11 Key Issues and Trends
11.1 Overall, opinions on most of the issues in the Consultation Document were strongly divided between the aquaculture industry and freshwater fisheries/other environmental stakeholders.
11.2 With a small number of exceptions, the aquaculture industry was largely critical of many of the proposed Bill provisions, with most aquaculture industry respondents aligning themselves with the response provided by the SSPO. The opposition appeared to relate to concerns about excessive regulation of the industry, and adding unnecessary red tape to a growing industry. Several felt that the Scottish Government was sending out mixed signals, with aspirations for industry growth being undermined by proposals for tighter regulation. The industry was generally supportive of many of the proposals outlined in Section 4 of the Consultation Document.
11.3 Concerns also related to perceived financial and reputational damage to the industry and the likely increases in cost burdens and reduced ability to be competitive in worldwide markets. A potential increase in liability of aquaculture industry operators and their workers resulting from strict liability and fixed penalties was also highlighted by both company responses and individuals working within the industry.
11.4 In contrast, freshwater fisheries bodies were largely supportive of proposals for the Bill, with the exception of some opposition to the proposals in Section 4 of the Consultation Document (i.e. relating to salmon and freshwater fisheries management). The freshwater fisheries respondents largely referred to the response of the ASFB, with several consultees adding additional comments on specific issues.
11.5 There were also contrasting views between the coarse angling/mixed fishery industry operators and a number of DSFBs. Several anglers requested greater involvement in DSFB activities. Some were disappointed that other fish species are not included in the Bill provisions, raising concerns about the potential loss of these fisheries.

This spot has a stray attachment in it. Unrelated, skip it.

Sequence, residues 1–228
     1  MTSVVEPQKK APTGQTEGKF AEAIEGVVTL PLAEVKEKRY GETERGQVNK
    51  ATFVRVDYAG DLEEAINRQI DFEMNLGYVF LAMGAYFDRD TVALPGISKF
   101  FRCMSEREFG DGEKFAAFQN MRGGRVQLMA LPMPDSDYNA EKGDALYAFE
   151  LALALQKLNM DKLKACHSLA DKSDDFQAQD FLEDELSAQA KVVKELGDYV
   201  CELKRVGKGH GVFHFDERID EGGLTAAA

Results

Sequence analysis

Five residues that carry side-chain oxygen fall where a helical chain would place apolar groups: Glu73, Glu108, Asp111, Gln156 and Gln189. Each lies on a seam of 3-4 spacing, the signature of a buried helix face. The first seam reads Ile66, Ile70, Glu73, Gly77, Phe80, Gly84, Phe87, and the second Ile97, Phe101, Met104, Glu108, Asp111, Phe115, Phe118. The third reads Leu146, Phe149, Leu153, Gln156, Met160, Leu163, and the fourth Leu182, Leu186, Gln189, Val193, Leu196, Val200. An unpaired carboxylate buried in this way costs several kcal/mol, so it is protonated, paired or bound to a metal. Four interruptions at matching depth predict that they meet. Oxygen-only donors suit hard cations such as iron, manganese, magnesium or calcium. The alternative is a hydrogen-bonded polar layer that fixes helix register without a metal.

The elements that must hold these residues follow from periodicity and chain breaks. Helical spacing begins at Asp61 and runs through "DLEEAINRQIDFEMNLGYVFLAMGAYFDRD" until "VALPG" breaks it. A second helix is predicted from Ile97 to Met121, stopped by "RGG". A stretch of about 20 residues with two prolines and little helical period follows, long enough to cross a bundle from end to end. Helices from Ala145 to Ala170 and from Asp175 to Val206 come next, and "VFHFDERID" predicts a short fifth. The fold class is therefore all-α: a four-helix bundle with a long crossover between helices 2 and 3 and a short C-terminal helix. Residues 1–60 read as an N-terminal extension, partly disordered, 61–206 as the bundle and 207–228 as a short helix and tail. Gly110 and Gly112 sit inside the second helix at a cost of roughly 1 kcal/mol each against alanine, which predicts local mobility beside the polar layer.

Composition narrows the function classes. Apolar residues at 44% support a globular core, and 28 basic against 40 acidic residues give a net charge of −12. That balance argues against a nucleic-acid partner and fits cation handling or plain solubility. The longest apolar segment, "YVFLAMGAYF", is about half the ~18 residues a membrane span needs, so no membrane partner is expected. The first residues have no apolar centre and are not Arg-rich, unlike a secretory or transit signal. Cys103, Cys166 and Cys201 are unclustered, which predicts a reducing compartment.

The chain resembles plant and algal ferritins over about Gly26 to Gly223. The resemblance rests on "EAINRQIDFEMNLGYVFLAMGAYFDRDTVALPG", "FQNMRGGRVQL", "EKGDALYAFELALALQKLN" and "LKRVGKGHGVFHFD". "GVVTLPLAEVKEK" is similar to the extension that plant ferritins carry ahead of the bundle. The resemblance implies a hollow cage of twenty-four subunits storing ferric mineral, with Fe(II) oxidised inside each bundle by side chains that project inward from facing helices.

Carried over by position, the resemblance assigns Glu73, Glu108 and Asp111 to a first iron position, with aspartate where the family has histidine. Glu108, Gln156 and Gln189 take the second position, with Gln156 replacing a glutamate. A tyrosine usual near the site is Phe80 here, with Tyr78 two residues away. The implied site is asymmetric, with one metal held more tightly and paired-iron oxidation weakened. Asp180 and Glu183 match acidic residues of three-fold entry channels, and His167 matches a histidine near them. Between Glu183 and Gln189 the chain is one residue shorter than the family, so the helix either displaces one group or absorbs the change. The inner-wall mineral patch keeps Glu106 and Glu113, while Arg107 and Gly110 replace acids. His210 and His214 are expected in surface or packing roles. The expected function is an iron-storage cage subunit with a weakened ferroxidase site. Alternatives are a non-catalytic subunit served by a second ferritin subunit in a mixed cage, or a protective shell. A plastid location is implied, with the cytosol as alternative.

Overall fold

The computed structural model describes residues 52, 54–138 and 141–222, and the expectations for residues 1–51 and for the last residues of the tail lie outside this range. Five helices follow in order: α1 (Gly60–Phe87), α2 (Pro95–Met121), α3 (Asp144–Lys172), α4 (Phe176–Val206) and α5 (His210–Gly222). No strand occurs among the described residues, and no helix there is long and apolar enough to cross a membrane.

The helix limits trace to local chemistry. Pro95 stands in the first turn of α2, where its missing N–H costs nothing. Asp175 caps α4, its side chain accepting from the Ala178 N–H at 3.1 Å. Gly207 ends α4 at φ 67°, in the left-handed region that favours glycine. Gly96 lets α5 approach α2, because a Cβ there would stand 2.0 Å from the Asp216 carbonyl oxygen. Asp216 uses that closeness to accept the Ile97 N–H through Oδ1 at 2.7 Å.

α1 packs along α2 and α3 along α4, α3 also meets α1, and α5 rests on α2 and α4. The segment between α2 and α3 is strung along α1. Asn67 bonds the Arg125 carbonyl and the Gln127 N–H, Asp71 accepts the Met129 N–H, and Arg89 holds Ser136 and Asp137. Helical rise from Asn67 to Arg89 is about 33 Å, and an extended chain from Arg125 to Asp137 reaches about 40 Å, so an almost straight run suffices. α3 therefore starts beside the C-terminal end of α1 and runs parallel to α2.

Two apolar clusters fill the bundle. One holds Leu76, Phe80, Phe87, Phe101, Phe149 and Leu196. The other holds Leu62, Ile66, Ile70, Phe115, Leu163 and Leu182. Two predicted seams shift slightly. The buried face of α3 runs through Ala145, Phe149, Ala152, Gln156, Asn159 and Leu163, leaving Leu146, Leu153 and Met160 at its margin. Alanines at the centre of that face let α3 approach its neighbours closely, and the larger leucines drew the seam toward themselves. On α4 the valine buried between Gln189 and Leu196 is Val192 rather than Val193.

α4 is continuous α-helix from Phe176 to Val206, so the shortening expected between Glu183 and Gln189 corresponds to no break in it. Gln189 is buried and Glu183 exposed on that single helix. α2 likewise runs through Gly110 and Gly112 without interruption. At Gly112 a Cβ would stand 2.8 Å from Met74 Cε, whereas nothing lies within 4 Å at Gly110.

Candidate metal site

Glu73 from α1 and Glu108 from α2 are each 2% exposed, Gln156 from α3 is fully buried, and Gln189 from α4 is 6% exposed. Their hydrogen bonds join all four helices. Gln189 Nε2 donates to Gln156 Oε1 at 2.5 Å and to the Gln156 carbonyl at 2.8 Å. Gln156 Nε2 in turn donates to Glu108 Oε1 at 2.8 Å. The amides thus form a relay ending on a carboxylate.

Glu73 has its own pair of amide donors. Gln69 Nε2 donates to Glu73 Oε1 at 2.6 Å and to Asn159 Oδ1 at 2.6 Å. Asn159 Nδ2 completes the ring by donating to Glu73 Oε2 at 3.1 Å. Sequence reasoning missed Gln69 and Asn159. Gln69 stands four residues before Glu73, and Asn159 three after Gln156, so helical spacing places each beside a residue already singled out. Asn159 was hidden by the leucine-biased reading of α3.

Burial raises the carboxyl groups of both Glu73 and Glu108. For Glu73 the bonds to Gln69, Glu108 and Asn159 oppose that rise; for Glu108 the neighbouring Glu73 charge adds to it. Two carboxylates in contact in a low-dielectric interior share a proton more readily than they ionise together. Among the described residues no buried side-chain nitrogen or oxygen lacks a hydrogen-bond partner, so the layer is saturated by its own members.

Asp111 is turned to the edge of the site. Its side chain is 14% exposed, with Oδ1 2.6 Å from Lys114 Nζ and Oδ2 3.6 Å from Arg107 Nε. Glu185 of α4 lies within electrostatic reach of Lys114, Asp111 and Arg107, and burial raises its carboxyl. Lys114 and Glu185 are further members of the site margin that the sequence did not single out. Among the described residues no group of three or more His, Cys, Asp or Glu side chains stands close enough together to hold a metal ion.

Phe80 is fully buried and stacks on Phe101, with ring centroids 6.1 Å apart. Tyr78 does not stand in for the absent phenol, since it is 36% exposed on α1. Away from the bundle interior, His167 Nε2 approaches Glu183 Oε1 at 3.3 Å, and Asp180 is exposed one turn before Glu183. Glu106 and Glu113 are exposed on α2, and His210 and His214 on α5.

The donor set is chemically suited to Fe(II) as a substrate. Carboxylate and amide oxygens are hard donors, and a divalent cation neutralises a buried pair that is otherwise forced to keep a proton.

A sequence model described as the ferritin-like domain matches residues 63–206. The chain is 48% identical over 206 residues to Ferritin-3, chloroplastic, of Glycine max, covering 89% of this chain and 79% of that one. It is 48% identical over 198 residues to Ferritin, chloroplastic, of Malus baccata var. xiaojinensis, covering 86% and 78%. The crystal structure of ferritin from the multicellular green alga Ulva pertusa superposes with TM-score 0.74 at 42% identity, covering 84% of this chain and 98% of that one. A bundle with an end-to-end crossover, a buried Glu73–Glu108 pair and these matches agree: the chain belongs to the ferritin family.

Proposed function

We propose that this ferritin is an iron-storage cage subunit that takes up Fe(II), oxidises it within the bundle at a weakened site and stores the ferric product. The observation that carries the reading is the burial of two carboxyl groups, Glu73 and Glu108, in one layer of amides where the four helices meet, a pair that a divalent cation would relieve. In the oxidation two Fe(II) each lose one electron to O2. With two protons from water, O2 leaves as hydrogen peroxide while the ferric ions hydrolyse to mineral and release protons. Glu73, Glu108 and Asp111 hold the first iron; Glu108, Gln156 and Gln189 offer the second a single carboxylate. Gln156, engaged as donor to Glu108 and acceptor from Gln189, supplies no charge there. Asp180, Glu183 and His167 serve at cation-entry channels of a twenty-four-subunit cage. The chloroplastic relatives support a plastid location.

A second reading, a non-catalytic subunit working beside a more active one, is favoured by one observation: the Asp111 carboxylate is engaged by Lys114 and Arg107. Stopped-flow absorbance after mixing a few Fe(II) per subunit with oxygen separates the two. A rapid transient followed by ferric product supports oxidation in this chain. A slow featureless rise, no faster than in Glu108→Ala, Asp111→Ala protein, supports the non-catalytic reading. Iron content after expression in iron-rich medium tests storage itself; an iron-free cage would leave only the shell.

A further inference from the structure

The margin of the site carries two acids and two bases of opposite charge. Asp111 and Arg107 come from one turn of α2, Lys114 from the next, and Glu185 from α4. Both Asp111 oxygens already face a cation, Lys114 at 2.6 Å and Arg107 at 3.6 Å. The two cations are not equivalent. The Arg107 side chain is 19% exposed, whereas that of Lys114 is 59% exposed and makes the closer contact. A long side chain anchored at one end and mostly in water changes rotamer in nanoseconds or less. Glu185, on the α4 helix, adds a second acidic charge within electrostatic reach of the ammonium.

11.6 The existing and proposed measures in Scotland were often compared with those in other countries. Several respondents suggested adopting measures or systems currently used in Canada (British Columbia), Norway or Ireland. These suggestions related largely to data collection and publication, site monitoring and arbitration. Several respondents argued that most of the aquaculture industry firms operating in Scotland are multi-national and would be familiar with other regulatory regimes, Norway in particular.
11.7 The potential financial implications of the Bill were also raised by a range of stakeholders. Many were concerned at likely increases in costs associated with the adoption and implementation of the proposals in the Bill and questioned who will pay for them. Aquaculture industry respondents, including the SSPO, highlighted large potential losses to the aquaculture industry in meeting the proposed requirements, although most did not state a particular monetary figure. Possible costs to the public sector were also raised, specifically relating to implications for the budgets of SEPA and DSFBs arising from increased requirements and responsibilities under the proposals.
11.8 Several respondents, from across the stakeholder groups, called for additional consultation on some provisions in the Bill. These included arbitration, unused consents, collection of samples, wellboat controls, carcass tagging, conservation measures, data collection, paying for progress, strict liability and fixed penalty notices.